Whole transcriptome analyses of six thoroughbred horses before and after exercise using RNA-Seq
- Equal contributors
1 Department of Biotechnology, Hankyong National University, Anseong, 456-749, Republic of Korea
2 Personal Genomics Institute, Genome Research Foundation, 443-270, Suwon, Republic of Korea
3 Theragen BiO Institute, TheragenEtex, 443-270, Suwon, Republic of Korea
4 Department of Biological Sciences, College of Natural Sciences, Pusan National University, Busan, 609-735, Republic of Korea
5 Department of Animal Science, College of Life Sciences, Pusan National University, Miryang, 627-702, Republic of Korea
6 Department of Pathology, School of Medicine, and Institute of Biomedical Science and Technology, Konkuk University, Seoul, 143-701, Republic of Korea
7 Department of Nanomedical Engineering, College of Nanoscience and Nanotechnology, Pusan National University, Miryang, 627-702, Republic of Korea
8 Korean Bioinformation Center, Korea Research Institute of Bioscience and Biotechnology, 305-806, Daejeon, Republic of Korea
BMC Genomics 2012, 13:473 doi:10.1186/1471-2164-13-473Published: 12 September 2012
Thoroughbred horses are the most expensive domestic animals, and their running ability and knowledge about their muscle-related diseases are important in animal genetics. While the horse reference genome is available, there has been no large-scale functional annotation of the genome using expressed genes derived from transcriptomes.
We present a large-scale analysis of whole transcriptome data. We sequenced the whole mRNA from the blood and muscle tissues of six thoroughbred horses before and after exercise. By comparing current genome annotations, we identified 32,361 unigene clusters spanning 51.83 Mb that contained 11,933 (36.87%) annotated genes. More than 60% (20,428) of the unigene clusters did not match any current equine gene model. We also identified 189,973 single nucleotide variations (SNVs) from the sequences aligned against the horse reference genome. Most SNVs (171,558 SNVs; 90.31%) were novel when compared with over 1.1 million equine SNPs from two SNP databases. Using differential expression analysis, we further identified a number of exercise-regulated genes: 62 up-regulated and 80 down-regulated genes in the blood, and 878 up-regulated and 285 down-regulated genes in the muscle. Six of 28 previously-known exercise-related genes were over-expressed in the muscle after exercise. Among the differentially expressed genes, there were 91 transcription factor-encoding genes, which included 56 functionally unknown transcription factor candidates that are probably associated with an early regulatory exercise mechanism. In addition, we found interesting RNA expression patterns where different alternative splicing forms of the same gene showed reversed expressions before and after exercising.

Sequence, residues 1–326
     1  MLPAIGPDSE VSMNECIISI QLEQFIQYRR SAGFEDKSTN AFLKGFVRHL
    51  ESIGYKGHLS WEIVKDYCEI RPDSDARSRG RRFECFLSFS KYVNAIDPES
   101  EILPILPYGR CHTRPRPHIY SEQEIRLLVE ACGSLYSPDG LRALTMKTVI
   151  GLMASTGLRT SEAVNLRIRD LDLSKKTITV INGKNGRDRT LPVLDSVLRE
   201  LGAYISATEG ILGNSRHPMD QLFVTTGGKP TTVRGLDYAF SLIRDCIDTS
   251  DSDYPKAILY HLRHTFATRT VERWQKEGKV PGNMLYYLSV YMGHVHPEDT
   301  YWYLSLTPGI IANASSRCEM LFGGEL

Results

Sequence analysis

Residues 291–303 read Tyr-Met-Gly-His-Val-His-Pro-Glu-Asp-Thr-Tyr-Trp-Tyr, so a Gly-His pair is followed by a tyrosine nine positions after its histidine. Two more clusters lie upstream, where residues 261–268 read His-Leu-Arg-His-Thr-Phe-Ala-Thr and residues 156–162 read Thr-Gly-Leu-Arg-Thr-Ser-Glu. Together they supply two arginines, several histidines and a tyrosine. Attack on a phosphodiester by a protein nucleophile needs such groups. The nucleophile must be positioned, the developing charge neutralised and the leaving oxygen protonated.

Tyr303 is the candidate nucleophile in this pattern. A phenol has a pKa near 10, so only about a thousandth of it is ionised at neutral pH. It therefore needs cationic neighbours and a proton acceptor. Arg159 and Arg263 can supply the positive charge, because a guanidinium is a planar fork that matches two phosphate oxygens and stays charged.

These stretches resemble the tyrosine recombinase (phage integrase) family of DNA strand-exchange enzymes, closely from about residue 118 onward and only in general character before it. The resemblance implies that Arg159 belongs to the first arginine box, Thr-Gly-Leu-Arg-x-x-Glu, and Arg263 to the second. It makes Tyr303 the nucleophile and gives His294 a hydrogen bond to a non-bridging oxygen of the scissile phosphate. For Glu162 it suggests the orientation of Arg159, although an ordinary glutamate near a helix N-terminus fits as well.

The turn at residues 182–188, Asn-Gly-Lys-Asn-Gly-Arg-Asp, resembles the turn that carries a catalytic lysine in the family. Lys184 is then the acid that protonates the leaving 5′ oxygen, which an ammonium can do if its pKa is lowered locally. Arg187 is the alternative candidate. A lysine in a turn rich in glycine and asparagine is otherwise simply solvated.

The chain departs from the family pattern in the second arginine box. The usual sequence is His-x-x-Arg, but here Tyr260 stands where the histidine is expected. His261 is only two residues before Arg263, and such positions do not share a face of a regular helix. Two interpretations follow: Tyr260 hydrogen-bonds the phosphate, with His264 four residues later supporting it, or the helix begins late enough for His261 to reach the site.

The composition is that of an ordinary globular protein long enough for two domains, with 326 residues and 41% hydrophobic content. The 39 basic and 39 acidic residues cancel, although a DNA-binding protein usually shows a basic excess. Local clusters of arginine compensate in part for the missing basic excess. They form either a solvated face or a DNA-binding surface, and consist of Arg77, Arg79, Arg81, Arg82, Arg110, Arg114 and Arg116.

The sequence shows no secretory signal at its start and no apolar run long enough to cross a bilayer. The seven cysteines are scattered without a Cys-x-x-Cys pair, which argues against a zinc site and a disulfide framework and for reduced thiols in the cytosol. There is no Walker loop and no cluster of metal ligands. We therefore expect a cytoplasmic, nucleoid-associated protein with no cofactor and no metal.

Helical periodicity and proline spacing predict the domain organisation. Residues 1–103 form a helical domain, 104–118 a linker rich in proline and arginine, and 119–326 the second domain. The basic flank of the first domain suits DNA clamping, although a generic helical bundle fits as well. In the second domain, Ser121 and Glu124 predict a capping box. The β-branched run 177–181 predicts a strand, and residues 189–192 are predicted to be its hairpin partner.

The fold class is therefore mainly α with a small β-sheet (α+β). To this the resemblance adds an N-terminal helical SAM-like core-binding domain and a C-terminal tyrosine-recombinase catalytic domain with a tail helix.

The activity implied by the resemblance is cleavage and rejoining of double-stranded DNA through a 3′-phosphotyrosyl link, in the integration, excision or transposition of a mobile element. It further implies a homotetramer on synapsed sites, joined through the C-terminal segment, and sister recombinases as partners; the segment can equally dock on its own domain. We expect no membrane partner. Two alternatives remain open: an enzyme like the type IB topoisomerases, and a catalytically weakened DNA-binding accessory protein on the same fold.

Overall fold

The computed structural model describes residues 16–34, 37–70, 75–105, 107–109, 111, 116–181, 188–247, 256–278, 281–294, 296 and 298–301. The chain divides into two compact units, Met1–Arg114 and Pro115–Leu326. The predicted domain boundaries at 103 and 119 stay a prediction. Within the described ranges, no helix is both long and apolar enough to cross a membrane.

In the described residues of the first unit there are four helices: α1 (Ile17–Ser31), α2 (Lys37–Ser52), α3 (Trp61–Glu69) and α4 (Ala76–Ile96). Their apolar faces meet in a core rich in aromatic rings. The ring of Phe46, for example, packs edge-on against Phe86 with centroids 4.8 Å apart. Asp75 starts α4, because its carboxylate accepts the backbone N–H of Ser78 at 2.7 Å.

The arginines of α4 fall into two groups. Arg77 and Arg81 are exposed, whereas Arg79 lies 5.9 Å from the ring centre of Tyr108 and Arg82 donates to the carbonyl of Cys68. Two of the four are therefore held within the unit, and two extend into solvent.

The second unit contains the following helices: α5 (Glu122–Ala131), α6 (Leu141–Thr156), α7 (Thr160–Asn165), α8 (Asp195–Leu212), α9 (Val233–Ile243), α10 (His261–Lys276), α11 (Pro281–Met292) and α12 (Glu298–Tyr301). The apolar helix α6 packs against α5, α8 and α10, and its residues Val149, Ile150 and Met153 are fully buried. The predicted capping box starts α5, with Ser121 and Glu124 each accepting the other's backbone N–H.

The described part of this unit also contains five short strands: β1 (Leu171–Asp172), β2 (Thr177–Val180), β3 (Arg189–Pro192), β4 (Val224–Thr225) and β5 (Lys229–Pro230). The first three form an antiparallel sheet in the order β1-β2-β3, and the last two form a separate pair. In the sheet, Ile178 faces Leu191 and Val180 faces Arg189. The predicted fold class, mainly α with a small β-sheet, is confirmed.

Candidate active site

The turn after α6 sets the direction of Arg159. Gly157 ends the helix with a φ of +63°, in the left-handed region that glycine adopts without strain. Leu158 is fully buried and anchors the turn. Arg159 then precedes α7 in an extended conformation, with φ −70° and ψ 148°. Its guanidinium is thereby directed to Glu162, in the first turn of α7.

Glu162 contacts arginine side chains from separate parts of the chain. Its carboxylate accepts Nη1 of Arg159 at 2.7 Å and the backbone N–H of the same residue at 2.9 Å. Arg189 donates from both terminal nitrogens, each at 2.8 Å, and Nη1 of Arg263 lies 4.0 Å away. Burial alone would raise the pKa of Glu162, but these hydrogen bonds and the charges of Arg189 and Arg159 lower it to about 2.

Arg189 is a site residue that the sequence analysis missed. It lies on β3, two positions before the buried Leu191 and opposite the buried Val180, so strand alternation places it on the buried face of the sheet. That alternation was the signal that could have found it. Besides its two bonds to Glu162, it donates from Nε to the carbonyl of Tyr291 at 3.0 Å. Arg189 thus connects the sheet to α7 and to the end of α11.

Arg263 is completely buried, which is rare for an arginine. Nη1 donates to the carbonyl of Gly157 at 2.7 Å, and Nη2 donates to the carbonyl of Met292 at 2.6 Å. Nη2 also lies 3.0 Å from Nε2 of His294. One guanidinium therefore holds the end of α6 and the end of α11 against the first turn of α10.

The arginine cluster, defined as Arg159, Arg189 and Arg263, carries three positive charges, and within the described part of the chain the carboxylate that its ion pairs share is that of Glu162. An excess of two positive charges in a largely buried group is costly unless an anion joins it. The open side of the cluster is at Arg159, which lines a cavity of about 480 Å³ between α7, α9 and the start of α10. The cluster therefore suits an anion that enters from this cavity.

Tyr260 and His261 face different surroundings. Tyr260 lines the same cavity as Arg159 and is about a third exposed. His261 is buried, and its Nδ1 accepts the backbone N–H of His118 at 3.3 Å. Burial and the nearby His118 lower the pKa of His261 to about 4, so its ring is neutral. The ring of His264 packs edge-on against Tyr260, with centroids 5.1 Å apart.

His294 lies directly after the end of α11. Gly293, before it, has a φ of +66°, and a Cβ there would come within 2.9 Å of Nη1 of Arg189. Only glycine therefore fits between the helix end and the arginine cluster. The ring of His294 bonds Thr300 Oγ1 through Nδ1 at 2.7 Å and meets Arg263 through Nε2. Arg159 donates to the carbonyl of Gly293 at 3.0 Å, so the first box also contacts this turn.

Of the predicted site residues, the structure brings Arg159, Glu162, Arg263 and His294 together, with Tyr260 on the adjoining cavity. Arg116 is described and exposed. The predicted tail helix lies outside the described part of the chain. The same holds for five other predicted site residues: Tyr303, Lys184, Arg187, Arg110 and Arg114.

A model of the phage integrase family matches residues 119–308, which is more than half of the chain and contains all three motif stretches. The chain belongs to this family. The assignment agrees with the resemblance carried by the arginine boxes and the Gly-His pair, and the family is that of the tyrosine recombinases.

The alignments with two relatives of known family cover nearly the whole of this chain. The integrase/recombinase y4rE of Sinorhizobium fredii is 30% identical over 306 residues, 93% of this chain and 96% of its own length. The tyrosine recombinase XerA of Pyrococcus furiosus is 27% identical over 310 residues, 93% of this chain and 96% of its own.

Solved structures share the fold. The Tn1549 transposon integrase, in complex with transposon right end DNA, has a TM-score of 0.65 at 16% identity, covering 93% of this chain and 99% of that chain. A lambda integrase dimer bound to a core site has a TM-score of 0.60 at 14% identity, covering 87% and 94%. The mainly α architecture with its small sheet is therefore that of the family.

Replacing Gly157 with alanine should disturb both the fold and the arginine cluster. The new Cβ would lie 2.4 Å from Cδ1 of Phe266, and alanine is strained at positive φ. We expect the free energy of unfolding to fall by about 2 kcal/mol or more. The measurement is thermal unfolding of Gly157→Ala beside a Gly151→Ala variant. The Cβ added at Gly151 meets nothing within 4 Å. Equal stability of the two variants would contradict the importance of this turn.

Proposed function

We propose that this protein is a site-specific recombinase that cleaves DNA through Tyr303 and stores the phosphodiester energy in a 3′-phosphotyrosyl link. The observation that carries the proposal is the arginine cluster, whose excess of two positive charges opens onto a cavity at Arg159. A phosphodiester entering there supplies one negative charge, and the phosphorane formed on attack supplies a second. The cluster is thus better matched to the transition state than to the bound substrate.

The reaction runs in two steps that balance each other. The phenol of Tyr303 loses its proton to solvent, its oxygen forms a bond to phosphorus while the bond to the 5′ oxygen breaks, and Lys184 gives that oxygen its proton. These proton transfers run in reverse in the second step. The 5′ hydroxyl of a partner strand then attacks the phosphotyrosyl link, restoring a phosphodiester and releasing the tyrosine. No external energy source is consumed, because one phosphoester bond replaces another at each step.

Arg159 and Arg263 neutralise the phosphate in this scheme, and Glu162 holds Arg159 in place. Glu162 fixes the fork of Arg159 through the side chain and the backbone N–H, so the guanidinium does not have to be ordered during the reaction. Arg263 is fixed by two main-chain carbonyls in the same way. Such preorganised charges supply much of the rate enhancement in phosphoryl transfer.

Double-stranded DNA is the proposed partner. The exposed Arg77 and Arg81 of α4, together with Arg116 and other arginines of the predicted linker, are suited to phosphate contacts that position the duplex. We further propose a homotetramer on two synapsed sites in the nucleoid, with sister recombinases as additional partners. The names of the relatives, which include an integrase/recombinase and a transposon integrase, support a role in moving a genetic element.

The first sequencing-based horse transcriptome data, extensive analyses results, deferentially expressed genes before and after exercise, and candidate genes that are related to the exercise are provided in this study.